Looking back into the history of water filtration, ancient India, Greece and Egypt used various 3rd and 4th century methods to filter water. This included boiling it using the sun, pouring water through cloth and through barley. Early around 1627 there were discussions on the use of sand to remove salt and filter sea water, although they were not successful at that time. The first documented use of sand filtration dates back to 1804 in Paisley, Scotland, used to treat drinking water. London, England was the first metropolitan area to use sand filtration. The practice became mainstream in 1854 until a cholera outbreak exposed the connection between drinking water and microorganisms. Pumping stations were temporarily shut down and the spread of disease stopped. Diatomaceous earth (D.E.) as filtration has been in use for over 100 years. Diatoms are fossilized, skeletal remains of an aquatic plant which looks like honeycomb. Today we see D.E., silica sand, fiber cartridge, and D.E. cartridge filters as the main filter options used in the industry. When I started in the service industry in 1980, I had a couple pools with the coffin filters (canvas bags) tied on to copper pipes inside a concrete rectangle with a top retainer and gravity feed return to the pool. These bags would have to be washed and reused. D.E. grid filters were the main stream filter (Purex) with the rotary valve being a big player. Fiber cartridge filters have become a favorite filter option for homeowners and residential pools. In the last 10 years we have the addition of quad cartridge D.E. filters. All have their place in the industry along with the new addition of recycled glass.
1. Sand filtration (used mostly in commercial and light commercial applications) has the lowest/ poorest level of filtration at about 20 microns. Even with the filtration level at 20 microns it is by far the best filter in commercial applications.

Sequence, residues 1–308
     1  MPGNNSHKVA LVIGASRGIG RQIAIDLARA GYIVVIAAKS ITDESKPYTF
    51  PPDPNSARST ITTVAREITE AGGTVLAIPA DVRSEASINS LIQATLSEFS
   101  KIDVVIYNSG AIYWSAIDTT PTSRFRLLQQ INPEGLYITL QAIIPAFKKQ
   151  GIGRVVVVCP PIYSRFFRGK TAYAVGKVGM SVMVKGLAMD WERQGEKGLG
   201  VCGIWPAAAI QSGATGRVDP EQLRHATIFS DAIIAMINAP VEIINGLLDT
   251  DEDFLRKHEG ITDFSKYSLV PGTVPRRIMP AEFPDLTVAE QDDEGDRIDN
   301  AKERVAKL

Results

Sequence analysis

2. Fiber cartridge filters (generally used in residential applications) offer a couple benefits:
3. D.E. filters are found in light commercial and residential applications across America. They have been the main line filter option for decades. They do filter to a very good water quality in the range of 7 microns. In a residential setting the operating cost is not a problem with grids lasting for a number of years. In a commercial setting it is a problem as they need to be serviced at times every month. On spas, the grids might last a year. You have the issue of carrying D.E. pool side after every backwash, often with powder getting into the air while bathers are nearby. Yes, we are in the business to make money and that has to be balanced with saving money and providing options for our clients. 4. Quad D.E. filters are becoming common in residential and light commercial applications. They offer the same water filtration quality as grid D.E. (7 microns) filters, combined with the durability of a fiber cartridge. In my opinion they are the best option for residential applications. They also work really well on light commercial spas. They are very easy to service with one minor concern, they do not backwash very well, it is almost a waste of time and money to install a backwash valve on a residential installation. On a commercial application it is necessary, but not very effective, which makes them a very poor selection on a commercial pool for that reason only. 5. Glass filtration This is the most exciting option to come into the market in a long time. GLASS FILTRATION is used in place of silica sand in sand filters. Those of us that have sand filters on service know the benefits of sand filters…along with the things they don’t do well.
California Pool Association